Kill the weeds, save the flower: New treatment possibility emerges for fatal childhood brain cancer

Kill the weeds, save the flower: New treatment possibility emerges for fatal childhood brain cancer

Medulloblastoma is a relatively treatable pediatric brain cancer, with survival rates of about 80% if it’s treated before it spreads. But in addition to surgery, most cases require chemotherapy and radiation—treatments that can harm brain development and set the stage for complications later in life.

Now, it appears that blocking a key enzyme could offer a better path to treating medulloblastoma. In a study published Nov 10. in Cancer Cell, scientists at McMaster University in Ontario described how they used a Bayer compound to curtail the cancer’s spread in mouse models of its most aggressive subtype.

“This potential treatment pathway will allow us to kill the weeds but save the flower of the developing brain,” William Gwynne, first author, said in a press release.

The enzyme at the heart of the study is dihydroorotate dehydrogenase, or DHODH. It’s a key part of the de novo pyrimidine synthesis pathway, a pathway that ultimately leads to the creation of DNA and RNA and is known to be hijacked by cancers in their effort to grow. DHODH inhibitors like Sanofi’s Arava and Aubagio are FDA approved for the treatment of rheumatoid arthritis and multiple sclerosis, respectively, while others are under investigation against a wide breadth of conditions, including viruses and several types of cancer.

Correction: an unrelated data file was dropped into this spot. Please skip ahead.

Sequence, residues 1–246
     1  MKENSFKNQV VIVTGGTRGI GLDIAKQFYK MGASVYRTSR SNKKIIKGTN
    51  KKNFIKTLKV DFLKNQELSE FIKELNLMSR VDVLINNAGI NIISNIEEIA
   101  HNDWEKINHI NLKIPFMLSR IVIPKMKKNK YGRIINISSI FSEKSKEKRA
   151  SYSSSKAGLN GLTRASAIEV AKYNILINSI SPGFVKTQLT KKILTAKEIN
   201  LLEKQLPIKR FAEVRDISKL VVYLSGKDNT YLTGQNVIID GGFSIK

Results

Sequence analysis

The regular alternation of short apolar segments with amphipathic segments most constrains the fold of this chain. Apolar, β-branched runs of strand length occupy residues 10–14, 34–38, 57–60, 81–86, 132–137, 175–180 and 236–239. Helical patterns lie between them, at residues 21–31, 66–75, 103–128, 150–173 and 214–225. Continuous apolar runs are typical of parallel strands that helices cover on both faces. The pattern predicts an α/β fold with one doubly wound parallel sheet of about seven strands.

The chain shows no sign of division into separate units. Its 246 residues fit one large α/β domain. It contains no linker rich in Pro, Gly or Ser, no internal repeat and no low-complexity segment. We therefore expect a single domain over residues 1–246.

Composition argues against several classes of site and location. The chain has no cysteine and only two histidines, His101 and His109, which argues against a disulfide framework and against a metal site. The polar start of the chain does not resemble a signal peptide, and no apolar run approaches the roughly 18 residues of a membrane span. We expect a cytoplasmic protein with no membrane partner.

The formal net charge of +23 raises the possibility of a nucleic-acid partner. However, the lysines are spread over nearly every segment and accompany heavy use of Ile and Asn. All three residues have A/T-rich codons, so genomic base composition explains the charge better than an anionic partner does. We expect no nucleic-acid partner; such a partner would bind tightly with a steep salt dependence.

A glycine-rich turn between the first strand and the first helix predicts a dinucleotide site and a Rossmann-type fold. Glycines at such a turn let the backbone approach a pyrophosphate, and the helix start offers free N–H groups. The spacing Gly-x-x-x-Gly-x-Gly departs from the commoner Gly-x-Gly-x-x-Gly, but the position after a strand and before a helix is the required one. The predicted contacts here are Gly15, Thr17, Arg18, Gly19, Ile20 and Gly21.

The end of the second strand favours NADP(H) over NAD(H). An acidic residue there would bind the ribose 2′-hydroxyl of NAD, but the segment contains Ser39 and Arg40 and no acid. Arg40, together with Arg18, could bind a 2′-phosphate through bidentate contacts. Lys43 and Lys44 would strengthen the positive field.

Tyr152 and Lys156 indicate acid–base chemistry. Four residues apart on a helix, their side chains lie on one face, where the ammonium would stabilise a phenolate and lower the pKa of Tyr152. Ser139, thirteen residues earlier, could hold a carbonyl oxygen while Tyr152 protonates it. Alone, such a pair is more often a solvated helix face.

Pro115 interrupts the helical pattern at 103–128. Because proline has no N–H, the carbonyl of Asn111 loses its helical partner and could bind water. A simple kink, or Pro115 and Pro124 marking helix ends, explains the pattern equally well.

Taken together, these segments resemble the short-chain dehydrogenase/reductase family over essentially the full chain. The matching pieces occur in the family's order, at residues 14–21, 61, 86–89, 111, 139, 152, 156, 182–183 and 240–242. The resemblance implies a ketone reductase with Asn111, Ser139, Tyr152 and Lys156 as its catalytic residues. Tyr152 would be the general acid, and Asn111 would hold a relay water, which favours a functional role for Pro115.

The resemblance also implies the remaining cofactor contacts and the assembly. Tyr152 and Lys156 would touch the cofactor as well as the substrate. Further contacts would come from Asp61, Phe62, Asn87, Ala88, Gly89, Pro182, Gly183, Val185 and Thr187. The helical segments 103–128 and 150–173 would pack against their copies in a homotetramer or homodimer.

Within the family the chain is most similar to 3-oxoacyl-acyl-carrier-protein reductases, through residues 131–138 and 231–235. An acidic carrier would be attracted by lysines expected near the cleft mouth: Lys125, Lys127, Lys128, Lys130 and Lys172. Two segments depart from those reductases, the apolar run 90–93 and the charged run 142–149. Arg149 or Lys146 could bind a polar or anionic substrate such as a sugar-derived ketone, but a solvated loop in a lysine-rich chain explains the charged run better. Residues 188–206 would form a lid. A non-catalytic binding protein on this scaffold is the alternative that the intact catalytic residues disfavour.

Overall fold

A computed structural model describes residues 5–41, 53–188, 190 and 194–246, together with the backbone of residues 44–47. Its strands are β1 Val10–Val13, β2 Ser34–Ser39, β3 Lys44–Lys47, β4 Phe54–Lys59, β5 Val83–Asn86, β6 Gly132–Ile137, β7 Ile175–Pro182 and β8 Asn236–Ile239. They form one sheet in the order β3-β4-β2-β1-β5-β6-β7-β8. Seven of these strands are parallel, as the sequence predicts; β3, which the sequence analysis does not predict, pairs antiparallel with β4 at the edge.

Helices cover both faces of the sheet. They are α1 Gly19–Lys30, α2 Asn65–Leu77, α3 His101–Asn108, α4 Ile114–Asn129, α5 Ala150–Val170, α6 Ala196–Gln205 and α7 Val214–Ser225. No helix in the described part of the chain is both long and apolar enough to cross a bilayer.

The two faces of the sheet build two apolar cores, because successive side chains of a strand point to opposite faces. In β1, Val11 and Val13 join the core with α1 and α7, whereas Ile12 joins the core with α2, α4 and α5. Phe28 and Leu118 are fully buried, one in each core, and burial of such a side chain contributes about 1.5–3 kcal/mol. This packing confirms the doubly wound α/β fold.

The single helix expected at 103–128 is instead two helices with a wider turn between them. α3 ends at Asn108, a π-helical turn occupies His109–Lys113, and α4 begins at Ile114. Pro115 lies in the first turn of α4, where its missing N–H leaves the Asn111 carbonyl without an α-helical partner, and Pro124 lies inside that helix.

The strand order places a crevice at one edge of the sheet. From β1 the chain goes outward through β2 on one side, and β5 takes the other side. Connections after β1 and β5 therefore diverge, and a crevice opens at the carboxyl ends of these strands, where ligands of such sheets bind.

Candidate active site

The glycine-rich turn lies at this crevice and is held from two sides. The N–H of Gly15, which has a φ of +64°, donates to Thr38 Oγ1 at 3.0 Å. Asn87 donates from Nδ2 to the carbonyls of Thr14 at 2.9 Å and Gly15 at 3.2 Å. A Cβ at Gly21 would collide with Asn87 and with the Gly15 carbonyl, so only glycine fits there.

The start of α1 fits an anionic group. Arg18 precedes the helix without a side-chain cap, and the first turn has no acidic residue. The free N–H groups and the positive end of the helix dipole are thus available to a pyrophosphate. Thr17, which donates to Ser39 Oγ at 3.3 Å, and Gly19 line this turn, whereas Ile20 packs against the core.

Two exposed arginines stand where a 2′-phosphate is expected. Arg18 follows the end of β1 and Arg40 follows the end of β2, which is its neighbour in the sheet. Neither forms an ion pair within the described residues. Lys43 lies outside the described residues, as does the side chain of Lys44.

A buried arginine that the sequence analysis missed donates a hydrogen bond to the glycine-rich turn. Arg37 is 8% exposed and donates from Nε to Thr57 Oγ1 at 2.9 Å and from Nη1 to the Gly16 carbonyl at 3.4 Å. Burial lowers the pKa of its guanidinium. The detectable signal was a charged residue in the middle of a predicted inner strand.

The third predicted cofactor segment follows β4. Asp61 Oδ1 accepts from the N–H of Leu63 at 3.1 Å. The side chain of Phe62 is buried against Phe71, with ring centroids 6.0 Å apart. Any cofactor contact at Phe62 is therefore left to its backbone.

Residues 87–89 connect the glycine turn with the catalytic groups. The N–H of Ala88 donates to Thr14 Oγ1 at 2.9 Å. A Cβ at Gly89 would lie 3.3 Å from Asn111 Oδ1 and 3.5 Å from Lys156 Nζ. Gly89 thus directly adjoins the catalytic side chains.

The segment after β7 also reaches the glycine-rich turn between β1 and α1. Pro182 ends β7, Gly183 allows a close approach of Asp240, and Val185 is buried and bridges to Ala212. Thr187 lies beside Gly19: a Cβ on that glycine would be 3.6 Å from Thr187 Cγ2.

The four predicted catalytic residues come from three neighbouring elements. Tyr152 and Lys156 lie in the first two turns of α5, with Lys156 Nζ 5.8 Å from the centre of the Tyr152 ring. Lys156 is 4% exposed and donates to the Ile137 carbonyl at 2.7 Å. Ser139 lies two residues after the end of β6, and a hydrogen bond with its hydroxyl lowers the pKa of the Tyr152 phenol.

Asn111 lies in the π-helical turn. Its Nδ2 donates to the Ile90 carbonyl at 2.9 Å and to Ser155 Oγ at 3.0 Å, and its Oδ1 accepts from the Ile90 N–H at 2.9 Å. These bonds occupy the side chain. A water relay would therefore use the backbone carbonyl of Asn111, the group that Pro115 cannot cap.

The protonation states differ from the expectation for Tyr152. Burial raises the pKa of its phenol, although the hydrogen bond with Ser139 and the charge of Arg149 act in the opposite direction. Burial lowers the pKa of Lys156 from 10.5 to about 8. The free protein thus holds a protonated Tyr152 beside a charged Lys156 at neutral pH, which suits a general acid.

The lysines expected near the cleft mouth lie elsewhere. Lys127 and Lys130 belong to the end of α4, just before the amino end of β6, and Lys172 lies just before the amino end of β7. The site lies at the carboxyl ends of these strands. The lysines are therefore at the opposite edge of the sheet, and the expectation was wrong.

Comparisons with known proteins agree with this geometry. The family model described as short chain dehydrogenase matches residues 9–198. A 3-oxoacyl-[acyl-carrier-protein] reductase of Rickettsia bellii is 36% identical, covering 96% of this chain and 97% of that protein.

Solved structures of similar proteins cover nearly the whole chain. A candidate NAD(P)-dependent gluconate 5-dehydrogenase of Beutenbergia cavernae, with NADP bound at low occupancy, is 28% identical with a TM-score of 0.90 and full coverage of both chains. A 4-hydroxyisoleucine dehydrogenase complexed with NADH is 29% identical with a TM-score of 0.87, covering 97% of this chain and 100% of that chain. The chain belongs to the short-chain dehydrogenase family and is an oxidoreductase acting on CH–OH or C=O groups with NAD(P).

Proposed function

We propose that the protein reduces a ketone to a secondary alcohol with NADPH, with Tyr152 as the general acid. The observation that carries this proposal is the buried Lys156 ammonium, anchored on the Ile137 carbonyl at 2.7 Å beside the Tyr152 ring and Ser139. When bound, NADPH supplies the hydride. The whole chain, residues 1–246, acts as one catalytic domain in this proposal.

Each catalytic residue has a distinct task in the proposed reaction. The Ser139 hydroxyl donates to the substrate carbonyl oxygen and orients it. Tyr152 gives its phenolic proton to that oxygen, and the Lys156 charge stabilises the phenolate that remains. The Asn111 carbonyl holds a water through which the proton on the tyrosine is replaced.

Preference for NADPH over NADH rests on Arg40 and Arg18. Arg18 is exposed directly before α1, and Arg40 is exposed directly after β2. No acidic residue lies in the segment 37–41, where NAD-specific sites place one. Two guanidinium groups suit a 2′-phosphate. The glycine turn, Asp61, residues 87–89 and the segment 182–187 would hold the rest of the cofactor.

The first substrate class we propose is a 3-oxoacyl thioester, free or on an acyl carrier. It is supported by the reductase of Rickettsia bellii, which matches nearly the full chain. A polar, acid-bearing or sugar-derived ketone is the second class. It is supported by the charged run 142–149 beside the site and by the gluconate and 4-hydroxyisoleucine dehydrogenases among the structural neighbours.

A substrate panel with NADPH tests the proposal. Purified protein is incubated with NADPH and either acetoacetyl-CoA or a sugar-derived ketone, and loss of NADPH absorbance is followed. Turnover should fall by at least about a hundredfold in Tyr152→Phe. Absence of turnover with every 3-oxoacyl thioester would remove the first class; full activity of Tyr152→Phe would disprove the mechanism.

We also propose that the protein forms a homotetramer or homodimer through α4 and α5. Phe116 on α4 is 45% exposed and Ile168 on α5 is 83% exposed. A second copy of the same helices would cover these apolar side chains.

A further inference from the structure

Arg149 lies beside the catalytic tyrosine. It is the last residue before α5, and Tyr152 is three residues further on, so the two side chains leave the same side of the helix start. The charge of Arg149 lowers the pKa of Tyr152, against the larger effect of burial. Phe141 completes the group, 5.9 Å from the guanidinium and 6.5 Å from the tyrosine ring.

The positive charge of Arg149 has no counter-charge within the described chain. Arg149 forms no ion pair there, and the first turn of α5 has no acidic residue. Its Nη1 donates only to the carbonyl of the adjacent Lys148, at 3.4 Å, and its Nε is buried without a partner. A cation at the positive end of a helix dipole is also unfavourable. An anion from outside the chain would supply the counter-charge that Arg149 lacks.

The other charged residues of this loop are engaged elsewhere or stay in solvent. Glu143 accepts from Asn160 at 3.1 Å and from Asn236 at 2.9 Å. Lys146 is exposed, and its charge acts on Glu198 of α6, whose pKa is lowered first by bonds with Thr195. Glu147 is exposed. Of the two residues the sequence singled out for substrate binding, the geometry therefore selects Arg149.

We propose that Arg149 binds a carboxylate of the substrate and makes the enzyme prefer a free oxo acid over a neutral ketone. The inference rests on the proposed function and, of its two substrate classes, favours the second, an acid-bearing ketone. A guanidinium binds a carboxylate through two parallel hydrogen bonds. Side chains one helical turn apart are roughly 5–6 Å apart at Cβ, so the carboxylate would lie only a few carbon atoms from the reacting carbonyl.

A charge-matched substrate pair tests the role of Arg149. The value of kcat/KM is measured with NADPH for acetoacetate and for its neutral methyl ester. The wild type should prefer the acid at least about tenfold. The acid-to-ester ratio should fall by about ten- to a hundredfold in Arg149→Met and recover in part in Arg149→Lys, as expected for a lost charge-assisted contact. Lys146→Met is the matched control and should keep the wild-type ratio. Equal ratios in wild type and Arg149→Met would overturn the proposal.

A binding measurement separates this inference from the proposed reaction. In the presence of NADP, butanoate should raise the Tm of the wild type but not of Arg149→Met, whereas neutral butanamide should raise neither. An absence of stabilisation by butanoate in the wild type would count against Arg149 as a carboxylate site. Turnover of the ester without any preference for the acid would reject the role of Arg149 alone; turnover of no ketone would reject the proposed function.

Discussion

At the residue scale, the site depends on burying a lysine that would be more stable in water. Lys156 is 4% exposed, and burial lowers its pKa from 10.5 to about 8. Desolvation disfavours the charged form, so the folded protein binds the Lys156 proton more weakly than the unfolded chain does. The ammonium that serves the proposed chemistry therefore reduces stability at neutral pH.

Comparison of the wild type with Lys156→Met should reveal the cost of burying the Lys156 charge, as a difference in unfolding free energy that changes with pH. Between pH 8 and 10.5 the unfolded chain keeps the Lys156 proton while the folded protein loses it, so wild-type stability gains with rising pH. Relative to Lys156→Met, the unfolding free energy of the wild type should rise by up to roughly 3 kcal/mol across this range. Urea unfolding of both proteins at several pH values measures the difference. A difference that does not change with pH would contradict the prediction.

The McMaster team’s findings add one more potential indication to the list. The scientists homed in on DHODH by screening the genomes and metabolic processes of MYC-amplified medulloblastoma, a particularly deadly subtype of the brain cancer. They found alterations in the de novo pyrimidine synthesis pathway, and genetic analyses in cells and mice showed that knocking out DHODH could hinder medulloblastoma growth.

The scientists then sought to find out whether an orally administered DHODH inhibitor could stop tumor growth in mice. They treated mouse models of MYC-amplified medulloblastoma with a compound called BAY2402234, which, until this past January was under investigation by Bayer for the treatment of acute myeloid leukemia and glioma. The researchers found that the compound was able to reduce tumor growth and improve survival times in the mice, increasing their life spans from about 28 days in controls to around 38 days in the ones that were treated with BAY2402234.

While the team didn’t assess whether the compound had an impact on the brain development of young mice, they did find that it wasn’t harmful to cultured neural stem cells. In contrast, radiation is well known to impact neural stem cells in both children and adults and is thought to be the reason for brain damage associated with its use. Chemotherapy has been shown to kill brain cells as well, a possible explanation for the phenomenom of “chemo brain” described by patients.

Given these results and the fact that BAY2402234 has already been proven safe in humans during clinical trials at the equivalent doses to the ones used in their study, the researchers called for further optimizing DHODH inhibitors preclinically in medulloblastoma both alone and in combination with other treatments. If they perform well, the drugs should be translated to clinical research, the researchers wrote in their paper.

error: Content is protected !!